11. Fort Collins is creating a new Equity and Inclusion Office to promote those values at the highest levels of city management. What would you like to see that office focus on, and how would you work to make Fort Collins a more inclusive and equitable community?
There is so much work to be done. I think the immediate focus should be on equity in health (vaccine availability) and general COVID-19 relief. COVID-19 has disproportionately impacted communities of color, lower socio-economic groups and women. Additionally, areas of access need focus: access to health care, education, employment, transportation, housing, to name a few. We should involve community members and service organizations who support our underserved and underrepresented community members in reviewing existing outreach programs and proposing new program ideas. The city should rely on the information and expertise provided by people with the lived experience and the service organizations who support these groups of people. Collaboration and partnerships are key to the success of this new office, both internally and externally; the leader/director/manager and the office function may fail if it exists in isolation.
12. Conversations about policing practices came to the forefront this summer after Minneapolis police killed George Floyd, an unarmed Black man, inspiring global demonstrations and police reform legislation in Colorado. Here in Fort Collins, Black residents are arrested and cited at higher rates than white residents. Are you satisfied with the level of equity in policing here in Fort Collins, and if not, what would you like to change about it?
To be clear, I am not satisfied with the racial disparity in rates of arrests and citations. This is an issue of critical importance to the safety of our community. We must hold ourselves to the highest possible standards of equity. In addition, we must recognize the many systems that contribute to racial bias in our communities, and we must hold ourselves accountable in all aspects. The legislature passed a police accountability bill last May. I voted yes. The scope of modern police work is incredibly broad, and Fort Collins has been progressive in their adoption of mental health professionals as co-responders. Similar innovations will help us to eliminate racial bias, enhance community safety, and support public servants. I believe the police are committed to growth and continued improvement, and I look forward to working with them.
13. What is your stance on possible changes to the “U+2” occupancy ordinance? If you support changes, what would like to see specifically and how would you catalyze action?
I am comfortable reviewing city ordinances to make sure they are working for the people. I believe that is good governance. In a city as big (and growing) as our is, it may make sense to develop or adjust rules specific to different areas of the city. I am also open to reviewing the variance process to make it less cumbersome to obtain one, if all conditions are met. In my experience, if rules or processes are too cumbersome, they can be routinely flouted. Then, the original intent can be lost. Let’s do our research and see what the compliance rate is, how we can streamline the variance process and consider what works well for our families, our students and our neighborhoods. This is also one of the policy recommendations in the Housing Plan, as mentioned above.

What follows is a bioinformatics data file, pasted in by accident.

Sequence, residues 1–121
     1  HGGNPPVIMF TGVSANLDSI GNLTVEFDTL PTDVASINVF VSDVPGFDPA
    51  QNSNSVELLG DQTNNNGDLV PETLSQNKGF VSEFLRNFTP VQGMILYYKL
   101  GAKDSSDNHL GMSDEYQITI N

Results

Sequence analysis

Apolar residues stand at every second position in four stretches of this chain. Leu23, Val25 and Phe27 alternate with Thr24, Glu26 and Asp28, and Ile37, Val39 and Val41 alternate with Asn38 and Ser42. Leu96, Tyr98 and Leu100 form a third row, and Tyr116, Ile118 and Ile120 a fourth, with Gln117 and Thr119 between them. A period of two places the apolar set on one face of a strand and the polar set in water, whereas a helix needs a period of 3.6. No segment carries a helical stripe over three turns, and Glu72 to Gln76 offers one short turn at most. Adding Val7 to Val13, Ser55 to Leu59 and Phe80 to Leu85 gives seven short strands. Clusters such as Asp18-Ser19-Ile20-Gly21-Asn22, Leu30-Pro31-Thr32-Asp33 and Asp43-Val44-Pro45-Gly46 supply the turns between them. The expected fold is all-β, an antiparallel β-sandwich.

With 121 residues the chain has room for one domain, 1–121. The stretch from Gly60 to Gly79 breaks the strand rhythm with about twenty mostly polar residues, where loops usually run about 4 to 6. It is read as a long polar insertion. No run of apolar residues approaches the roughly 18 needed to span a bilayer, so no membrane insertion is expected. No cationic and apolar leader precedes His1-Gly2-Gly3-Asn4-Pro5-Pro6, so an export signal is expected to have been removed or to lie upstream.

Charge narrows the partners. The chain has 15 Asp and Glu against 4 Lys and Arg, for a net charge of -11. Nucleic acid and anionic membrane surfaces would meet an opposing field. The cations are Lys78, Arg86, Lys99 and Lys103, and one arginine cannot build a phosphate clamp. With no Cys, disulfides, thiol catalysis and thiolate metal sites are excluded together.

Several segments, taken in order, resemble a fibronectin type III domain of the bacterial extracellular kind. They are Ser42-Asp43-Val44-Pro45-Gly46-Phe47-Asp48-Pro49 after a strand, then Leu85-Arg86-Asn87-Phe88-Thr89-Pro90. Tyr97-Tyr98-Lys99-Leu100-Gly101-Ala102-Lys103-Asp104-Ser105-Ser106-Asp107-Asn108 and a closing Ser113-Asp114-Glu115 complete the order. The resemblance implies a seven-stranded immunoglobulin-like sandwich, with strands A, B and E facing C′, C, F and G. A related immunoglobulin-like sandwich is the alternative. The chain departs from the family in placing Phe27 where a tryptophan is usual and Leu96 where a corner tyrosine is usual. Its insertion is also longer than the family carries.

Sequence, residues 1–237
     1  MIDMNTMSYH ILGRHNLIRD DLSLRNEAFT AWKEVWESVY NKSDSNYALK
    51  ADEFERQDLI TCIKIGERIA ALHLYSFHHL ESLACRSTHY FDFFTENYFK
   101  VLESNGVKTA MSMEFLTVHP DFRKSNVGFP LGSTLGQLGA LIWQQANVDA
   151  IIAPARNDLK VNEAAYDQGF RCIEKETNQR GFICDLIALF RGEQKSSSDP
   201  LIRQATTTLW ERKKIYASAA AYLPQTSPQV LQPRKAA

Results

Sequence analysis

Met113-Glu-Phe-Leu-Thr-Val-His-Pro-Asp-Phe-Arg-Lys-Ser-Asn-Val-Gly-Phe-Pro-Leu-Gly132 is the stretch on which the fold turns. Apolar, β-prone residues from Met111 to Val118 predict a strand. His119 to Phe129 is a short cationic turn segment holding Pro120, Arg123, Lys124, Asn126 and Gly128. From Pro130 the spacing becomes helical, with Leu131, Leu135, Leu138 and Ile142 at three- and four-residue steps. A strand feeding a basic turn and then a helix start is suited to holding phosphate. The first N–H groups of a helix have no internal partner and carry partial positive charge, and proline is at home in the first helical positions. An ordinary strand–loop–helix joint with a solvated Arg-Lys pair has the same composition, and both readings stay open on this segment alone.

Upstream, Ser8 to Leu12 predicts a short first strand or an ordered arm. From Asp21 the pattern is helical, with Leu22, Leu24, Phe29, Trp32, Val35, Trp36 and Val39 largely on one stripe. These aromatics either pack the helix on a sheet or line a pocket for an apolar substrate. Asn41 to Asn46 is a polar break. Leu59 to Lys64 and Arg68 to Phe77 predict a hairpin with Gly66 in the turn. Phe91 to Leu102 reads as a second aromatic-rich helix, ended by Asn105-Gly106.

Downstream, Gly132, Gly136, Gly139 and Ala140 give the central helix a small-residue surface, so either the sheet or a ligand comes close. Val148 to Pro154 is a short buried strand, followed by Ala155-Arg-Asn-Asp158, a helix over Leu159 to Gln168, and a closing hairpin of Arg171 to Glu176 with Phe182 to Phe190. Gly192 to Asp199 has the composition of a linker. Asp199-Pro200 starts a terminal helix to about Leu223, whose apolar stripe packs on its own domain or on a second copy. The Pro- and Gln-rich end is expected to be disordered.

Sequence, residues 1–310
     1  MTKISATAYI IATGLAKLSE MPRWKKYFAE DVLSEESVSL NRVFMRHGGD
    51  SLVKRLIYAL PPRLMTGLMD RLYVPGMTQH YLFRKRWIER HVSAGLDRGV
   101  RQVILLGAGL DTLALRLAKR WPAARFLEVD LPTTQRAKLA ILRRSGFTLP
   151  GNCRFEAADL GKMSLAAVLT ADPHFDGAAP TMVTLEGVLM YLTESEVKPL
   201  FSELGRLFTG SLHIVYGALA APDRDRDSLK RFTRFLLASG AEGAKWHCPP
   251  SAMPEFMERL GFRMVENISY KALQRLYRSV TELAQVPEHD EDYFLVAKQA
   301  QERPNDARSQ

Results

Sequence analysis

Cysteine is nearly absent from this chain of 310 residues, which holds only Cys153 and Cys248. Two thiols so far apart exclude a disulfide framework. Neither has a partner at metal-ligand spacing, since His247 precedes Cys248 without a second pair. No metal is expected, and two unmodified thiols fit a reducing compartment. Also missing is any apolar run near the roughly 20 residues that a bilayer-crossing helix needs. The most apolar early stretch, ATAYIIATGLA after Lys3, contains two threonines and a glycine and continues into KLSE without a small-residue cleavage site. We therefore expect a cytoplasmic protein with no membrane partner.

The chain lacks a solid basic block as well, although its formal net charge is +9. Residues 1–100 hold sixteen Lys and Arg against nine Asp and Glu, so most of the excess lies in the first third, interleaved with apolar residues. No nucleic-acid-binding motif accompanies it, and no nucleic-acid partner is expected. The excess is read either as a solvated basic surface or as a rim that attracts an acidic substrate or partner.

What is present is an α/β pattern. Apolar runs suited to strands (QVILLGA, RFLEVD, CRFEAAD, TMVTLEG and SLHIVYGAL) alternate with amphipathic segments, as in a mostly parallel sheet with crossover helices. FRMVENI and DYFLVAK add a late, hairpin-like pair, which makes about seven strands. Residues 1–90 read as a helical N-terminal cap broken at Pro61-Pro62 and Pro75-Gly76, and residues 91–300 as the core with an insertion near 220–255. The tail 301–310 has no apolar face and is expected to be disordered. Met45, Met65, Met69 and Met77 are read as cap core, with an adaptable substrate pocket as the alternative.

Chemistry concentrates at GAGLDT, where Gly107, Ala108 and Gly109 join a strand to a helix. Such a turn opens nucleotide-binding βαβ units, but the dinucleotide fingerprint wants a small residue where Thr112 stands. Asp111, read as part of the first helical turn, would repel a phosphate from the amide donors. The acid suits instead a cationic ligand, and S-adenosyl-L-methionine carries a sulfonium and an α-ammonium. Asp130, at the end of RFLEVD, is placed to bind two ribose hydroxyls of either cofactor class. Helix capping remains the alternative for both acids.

14. Fort Collins adopted climate action goals to reduce the community greenhouse gas emissions by 20% of 2005 levels by 2020, 80% by 2030 and 2050. The city is projected to miss the 2020 goal by a few percent, and big, systemic changes will be needed to reach the 2030 and 2050 goals. Do you support the climate goals, and if so, what should City Council do to ensure they are met?
I support the climate goals of the city and I believe we need to strive to meet them. The climate action plan of Fort Collins has my full support. The city of Fort Collins could work independently to pass multiple ordinances, however, our work in meeting the 2030 goals cannot be achieved without a strong partnership with the state. Reaching climate goals is a global feat, so it will take the collaboration of all levels of government and lifestyle change to accomplish these climate goals. The city should do everything it can to push clean energy goals forward with the backing of its residents. I think that climate goals and a clean energy economy make good economic sense. Our largest economic driver in Colorado is tourism. Our Colorado brand is our natural environment and our commitment to clean energy, water and air are right on so many levels.
15. Fort Collins is working toward a goal of zero waste by 2030, but it didn’t meet its 2020 benchmark goal of 75% landfill diversion, and staff considers it unlikely that the city will meet the 2030 goal. The city is now reevaluating the goal. What would you do on council to support meaningful reductions in the volume of waste sent to landfills?
Fort Collins has the best overall recycling rate in Colorado, which I am proud of, but we still have work to do to improve our statewide recycling rate. We have to move closer toward “zero waste,” and we have to act even harder on climate. One of the bills I sponsored at the Capitol last year, SB 20-055, aimed to expand the market mechanisms for the development of recycling. It accelerates the state’s recycling economy by attracting businesses and entrepreneurs to Colorado to use our recyclable materials to make new products. I will always look for new and creative ways to reduce waste and generate more recycling developments. Perhaps instead of revising our goal, why don’t we revise our practice?